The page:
I watched the documentary Man On Wire, the 2009 Oscar winner about Philippe Petit’s tightrope walk between the World Trade Center buildings in 1974.
I took a lot away from the film, but the most notable thing to me was how much preparation went into planning it. It took six years from the time Petit got the original idea in his head to the time he actually attempted it. Included in that time were at least four visits to New York City.
His team was comprised of an inner circle of friends from France who’d been working with him for years including his girlfriend at the time and his childhood friend; coupled with people they picked up in the US before they tried the feat.
You get the idea by watching it that so many things would, could and did go wrong that any false move in one other direction could’ve caused the whole thing to go bust. Yet, not only did they figure it out, they managed to pull the whole thing off.
So much of the conversation these days — especially amongst the social web — is centered around pursuing your dreams and believing in yourself. That might be one component of it, but another component is staring down failure in the face and challenging it. Petit and his crew knew that the best case scenario in their escapade of a lifetime was being arrested.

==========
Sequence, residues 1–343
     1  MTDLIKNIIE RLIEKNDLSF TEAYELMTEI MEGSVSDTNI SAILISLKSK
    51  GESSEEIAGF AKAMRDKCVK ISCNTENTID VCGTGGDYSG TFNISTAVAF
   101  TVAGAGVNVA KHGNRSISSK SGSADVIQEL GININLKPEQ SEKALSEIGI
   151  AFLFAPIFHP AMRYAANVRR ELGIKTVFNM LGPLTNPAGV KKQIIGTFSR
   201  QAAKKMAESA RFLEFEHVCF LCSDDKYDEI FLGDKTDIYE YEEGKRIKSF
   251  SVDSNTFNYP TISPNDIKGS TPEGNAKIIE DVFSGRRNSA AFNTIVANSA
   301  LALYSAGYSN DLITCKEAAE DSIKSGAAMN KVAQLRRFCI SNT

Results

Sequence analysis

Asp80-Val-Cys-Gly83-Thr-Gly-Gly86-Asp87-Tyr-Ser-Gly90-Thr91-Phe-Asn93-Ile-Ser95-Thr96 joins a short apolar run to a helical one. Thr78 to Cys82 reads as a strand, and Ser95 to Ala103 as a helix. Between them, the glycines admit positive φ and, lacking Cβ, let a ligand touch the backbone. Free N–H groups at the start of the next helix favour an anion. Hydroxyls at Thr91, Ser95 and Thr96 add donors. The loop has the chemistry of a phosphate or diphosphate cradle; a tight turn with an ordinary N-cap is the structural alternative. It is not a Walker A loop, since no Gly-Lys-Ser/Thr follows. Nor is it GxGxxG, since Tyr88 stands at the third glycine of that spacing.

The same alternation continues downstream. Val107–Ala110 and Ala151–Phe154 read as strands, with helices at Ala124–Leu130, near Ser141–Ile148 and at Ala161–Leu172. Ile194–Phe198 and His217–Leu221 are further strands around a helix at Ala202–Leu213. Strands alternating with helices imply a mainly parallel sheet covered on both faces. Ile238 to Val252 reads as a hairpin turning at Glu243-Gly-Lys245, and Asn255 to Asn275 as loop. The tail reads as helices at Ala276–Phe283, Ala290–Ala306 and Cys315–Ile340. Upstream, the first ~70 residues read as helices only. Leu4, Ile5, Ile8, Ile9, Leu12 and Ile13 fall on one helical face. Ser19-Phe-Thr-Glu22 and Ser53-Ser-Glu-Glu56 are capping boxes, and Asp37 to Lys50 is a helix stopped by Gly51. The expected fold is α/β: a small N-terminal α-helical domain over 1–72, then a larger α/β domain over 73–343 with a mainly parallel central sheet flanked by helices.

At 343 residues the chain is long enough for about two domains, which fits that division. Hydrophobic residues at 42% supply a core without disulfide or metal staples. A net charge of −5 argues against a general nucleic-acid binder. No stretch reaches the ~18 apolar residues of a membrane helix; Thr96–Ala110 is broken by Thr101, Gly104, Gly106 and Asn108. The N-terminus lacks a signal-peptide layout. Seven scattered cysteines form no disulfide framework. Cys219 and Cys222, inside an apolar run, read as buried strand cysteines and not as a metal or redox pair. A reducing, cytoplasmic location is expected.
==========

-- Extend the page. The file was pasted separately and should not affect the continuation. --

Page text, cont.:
Given the alternative was the loss of a friend and the failure of a feat that would never be attempted again, they were all complicit in something that ended up being much, much bigger than themselves. There is no way Petit could’ve performed this task had he not confronted failure, because it was a very real possibility. (One he admits a lot in the film, incidentally.)
“The merest attempt at estimating, the slightest unconscious recording is shrugged off as an absurd association with some never-to-be-realized dream…as an exercise in futility…
I manage to whisper my first thought: “I know it’s impossible. But I know I’ll do it.”
At that instant, the towers become “my towers.”
Once on the street, a new thought: Impossible, yes, so let’s get to work.”